Winter is coming – make sure your vehicles are safe.
That’s the message Vancouver Police are sending out to companies with commercial vehicles on the road.
“Sometimes you wait too long, and that’s when safety comes in. The cost of replacing your tires versus someone’s life – I know the answer to that.” – Sergeant Jason Robillard, Media Relations Officer with Vancouver Police Department
With the changing seasons, commercial vehicles will take on their routes to face the rain and snow once again, and the Vancouver Police Department (VPD) wants to ensure that the all commercial vehicles on the road meet safety standards.
“This is all about road safety – anything from a cracked windshield to bald tires. With the weather changing and coming up to the fall and winter, these are very heavy vehicles and we we want to make sure they’re all safe.” – Sergeant Jason Robillard, Media Relations Officer with Vancouver Police Department
On bike, on foot, and in undercover vehicles, the VPD’s Commercial Vehicle Unit, together with local police, and the Provincial Commercial Vehicle Safety Enforcement, inspected an array of commercial vehicles for safety violations in five random locations all over Vancouver for Tuesday September 12th and Wednesday September 13th.
The initiative focused on vehicles in obvious states of disrepair to flag down for inspection, reassuring the public that “the vast majority of commercial vehicles are operated safely and are well maintained.”
So what indicates obvious disrepair?
“Mechanical deficiencies, load security, bald tires, brakes, windshields, suspension, and steering components, are a few of the areas inspectors are targeting.” – Sergeant Jason Robillard, Media Relations Officer with Vancouver Police Department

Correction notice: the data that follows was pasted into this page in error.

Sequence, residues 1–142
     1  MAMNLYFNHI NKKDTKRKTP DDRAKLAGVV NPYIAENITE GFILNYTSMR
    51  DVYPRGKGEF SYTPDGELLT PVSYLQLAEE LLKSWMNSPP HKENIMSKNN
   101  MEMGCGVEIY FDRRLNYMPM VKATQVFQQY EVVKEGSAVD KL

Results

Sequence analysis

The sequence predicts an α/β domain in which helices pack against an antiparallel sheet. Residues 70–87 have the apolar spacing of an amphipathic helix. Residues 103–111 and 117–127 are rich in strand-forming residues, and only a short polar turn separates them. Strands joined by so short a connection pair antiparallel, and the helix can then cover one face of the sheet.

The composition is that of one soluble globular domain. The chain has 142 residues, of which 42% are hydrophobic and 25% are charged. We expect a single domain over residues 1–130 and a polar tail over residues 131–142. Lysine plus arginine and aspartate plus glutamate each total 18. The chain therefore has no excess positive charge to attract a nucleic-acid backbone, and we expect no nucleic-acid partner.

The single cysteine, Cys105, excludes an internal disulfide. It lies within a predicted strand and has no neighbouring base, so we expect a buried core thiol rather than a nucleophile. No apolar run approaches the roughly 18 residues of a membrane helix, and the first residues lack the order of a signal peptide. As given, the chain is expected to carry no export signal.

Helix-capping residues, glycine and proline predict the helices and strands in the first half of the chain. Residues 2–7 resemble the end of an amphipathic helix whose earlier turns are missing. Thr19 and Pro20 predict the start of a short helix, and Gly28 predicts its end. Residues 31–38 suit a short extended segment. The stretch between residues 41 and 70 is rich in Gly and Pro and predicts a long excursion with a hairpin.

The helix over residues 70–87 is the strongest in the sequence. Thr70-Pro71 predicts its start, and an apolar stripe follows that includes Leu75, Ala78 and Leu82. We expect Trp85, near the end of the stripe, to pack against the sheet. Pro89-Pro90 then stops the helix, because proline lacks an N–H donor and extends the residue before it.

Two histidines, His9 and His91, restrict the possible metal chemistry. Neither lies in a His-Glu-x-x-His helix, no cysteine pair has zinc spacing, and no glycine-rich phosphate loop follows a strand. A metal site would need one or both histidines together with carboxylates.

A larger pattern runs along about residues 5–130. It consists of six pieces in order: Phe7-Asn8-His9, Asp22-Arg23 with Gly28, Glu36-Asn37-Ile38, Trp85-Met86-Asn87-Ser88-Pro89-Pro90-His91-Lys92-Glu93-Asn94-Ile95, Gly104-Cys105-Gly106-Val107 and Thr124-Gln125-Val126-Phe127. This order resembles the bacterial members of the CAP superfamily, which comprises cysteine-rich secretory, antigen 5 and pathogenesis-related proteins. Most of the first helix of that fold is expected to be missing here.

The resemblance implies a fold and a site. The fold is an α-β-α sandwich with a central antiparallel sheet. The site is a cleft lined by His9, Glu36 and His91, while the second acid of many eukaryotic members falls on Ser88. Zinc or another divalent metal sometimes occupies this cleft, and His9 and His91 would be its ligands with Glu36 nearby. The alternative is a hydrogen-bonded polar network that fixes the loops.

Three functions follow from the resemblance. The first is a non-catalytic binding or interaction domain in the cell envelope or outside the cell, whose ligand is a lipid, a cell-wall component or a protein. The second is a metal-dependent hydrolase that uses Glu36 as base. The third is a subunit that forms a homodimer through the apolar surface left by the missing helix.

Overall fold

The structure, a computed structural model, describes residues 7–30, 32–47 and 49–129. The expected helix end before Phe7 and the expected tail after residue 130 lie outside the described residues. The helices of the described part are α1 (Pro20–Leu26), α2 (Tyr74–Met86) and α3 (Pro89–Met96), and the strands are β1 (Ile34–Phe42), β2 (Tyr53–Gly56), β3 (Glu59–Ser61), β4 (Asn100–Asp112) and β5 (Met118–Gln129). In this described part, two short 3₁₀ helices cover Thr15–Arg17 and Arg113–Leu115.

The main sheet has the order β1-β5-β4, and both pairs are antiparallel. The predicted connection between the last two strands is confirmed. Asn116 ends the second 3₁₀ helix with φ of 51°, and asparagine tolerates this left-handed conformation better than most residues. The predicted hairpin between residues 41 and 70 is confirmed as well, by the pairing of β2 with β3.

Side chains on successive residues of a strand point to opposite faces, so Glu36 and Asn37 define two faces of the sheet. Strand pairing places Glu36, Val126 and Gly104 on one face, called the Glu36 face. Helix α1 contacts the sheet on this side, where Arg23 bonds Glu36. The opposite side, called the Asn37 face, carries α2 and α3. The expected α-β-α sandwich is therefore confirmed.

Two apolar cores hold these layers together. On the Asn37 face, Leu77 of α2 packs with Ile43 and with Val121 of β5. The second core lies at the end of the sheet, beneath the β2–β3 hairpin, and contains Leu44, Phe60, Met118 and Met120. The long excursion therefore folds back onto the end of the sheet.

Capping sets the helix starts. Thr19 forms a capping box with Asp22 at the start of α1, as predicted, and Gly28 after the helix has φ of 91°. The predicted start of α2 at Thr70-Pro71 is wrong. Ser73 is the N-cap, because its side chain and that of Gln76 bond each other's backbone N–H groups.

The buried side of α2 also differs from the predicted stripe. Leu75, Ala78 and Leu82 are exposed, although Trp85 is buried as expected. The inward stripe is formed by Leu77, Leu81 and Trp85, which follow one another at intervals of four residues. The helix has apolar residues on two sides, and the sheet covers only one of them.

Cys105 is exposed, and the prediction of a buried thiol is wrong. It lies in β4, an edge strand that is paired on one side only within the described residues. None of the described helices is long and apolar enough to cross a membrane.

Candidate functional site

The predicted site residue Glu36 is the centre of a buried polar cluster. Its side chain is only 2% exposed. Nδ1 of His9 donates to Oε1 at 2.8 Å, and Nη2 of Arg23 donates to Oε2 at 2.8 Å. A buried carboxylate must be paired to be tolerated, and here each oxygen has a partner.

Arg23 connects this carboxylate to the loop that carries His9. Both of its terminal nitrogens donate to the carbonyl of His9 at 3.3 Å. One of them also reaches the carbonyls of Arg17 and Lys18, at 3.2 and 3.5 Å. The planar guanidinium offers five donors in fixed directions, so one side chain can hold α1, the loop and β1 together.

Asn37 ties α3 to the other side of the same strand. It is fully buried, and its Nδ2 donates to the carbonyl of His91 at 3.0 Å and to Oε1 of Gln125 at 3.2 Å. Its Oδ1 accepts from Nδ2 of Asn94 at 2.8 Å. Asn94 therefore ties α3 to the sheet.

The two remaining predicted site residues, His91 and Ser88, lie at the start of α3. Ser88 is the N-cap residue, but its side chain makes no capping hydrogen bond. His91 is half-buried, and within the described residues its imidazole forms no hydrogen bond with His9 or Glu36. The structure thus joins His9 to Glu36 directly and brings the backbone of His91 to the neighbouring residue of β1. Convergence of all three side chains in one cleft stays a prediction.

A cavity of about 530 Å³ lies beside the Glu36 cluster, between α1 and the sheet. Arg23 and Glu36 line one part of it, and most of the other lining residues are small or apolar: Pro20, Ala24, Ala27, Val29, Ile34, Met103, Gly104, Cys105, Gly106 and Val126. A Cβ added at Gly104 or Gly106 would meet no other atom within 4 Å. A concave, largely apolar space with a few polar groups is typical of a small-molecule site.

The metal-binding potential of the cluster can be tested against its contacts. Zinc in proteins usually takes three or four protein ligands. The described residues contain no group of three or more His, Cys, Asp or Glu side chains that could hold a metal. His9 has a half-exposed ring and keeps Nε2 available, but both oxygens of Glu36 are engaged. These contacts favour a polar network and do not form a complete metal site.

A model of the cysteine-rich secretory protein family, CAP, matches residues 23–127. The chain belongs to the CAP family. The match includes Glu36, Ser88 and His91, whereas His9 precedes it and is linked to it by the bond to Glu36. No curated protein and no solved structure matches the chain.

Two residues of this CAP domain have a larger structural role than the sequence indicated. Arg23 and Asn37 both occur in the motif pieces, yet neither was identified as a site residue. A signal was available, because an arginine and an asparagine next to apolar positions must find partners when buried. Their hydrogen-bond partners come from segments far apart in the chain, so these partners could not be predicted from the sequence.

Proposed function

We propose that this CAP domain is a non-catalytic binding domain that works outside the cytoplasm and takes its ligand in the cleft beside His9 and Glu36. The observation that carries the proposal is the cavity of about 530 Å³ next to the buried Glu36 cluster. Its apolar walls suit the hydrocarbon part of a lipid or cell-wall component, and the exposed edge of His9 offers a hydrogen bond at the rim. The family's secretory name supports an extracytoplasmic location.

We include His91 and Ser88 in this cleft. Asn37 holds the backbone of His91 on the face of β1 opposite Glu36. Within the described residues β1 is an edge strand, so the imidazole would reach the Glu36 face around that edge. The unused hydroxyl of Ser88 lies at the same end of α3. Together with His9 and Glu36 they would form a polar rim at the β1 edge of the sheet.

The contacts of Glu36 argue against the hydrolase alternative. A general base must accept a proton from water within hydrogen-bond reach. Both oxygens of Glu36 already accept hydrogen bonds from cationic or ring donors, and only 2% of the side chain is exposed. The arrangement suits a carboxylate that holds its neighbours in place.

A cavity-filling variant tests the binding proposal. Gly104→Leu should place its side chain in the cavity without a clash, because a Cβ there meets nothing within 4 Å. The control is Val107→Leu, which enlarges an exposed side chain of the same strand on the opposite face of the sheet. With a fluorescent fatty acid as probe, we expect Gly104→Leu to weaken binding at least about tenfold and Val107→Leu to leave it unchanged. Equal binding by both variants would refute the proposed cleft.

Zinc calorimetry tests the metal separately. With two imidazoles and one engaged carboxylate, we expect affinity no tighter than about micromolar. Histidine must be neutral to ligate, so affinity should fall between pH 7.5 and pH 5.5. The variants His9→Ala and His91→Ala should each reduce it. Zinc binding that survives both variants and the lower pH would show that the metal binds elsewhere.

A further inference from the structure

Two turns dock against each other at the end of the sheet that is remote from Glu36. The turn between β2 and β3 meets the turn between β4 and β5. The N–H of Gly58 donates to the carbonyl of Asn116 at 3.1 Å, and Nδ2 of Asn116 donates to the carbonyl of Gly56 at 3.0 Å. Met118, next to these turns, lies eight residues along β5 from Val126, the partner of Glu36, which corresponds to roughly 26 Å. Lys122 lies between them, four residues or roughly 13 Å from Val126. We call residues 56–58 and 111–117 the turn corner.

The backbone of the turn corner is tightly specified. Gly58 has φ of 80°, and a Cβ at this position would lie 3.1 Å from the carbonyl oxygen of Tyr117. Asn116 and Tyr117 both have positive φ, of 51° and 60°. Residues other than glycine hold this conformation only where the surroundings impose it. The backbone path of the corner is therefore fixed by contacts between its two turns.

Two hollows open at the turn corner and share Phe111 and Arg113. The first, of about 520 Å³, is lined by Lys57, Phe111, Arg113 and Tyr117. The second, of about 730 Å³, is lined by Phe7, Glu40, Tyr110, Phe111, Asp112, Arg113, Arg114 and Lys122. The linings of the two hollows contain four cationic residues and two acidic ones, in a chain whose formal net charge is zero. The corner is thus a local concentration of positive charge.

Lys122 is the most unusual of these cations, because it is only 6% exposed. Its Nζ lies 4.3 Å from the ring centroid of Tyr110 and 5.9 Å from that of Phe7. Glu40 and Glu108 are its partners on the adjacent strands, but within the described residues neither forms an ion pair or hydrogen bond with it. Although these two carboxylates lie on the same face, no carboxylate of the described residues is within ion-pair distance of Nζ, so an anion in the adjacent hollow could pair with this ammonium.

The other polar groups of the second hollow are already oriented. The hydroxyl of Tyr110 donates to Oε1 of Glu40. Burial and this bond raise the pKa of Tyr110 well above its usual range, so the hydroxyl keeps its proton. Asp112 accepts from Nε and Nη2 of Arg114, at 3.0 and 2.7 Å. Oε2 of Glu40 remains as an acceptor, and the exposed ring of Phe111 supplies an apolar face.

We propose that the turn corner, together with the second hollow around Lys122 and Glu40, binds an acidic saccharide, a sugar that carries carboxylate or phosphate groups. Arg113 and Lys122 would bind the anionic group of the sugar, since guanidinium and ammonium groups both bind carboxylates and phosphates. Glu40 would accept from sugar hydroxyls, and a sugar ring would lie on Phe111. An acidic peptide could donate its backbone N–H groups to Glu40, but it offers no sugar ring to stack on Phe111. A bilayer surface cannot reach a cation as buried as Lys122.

On Tuesday September 12th, a total of 75 commercial vehicles were pulled over. Of those 75 vehicles, 100% had safety violations.
Forty vehicles (53%) faced violations so serious that police were forced to take them off the road and tow them from the site. For the first day of these random checks, a total of $11, 761.00 in fines were handed out. Depending on the violation, they are handed to the driver or the owner/operator. According to police, remains a typically a contentious sticky spot between employer and driver.
Other than focused police initiatives like these, the year round responsibility of safety maintenance falls onto the shoulders of both the company and/or driver seeing as each company has its own internal safety requirements, procedures, and checks.
With the VPD on the roads checking, towing, and handing out fines, their hope is to send home the message that drivers and companies must take responsibility of their vehicles on the road, for their own safety and that of others.
So what takes a commercial vehicle off the road? According to police, the typical rule of thumb is usually three or more violations, but it depends on the type of violation.
“Just from speaking to the inspectors and officers, a lot of the common [violations] are tires and brakes. What I’m also hearing is that you just need to check your truck. If you were to check your truck you would find these things – they’re quite obvious – but the drivers need to pay attention.” – Sergeant Jason Robillard, Media Relations Officer with Vancouver Police Department
Justin, a truck driver in the general Vancouver area, thought he was paying attention, with daily morning pre-inspections and fluid checks, but a small air leak from his rear tire put a pause on his day.
“We were just coming along, they were doing random checks, and a guy stepped out. They did a full inspection and found a small nail in the tire. We’re not allowed to go anywhere until it’s fixed. So, we’re waiting for the tire guy to put a plug in it.” – Justin, local truck driver
But Justin says he doesn’t mind the wait. He’s happy to see that police are out there ensuring the safety of commercial vehicles on the road.
“I’ve seen a lot of sketchy things…the rubbish removal services have some bad looking trucks, so it’s good that they are out checking….If it stops someone from a failure that could kill someone, then it’s worth it.” – Justin, local truck driver
Police did point out that they aren’t targeting just trucks and trailers, but any commercial vehicle including limousines, taxi’s etc. By the end of today or tomorrow, the Vancouver Police Department will have more numbers from the overall roadside safety inspections of commercial vehicles.
— Kori Sidaway (@KBeyondMediocre) September 13, 2017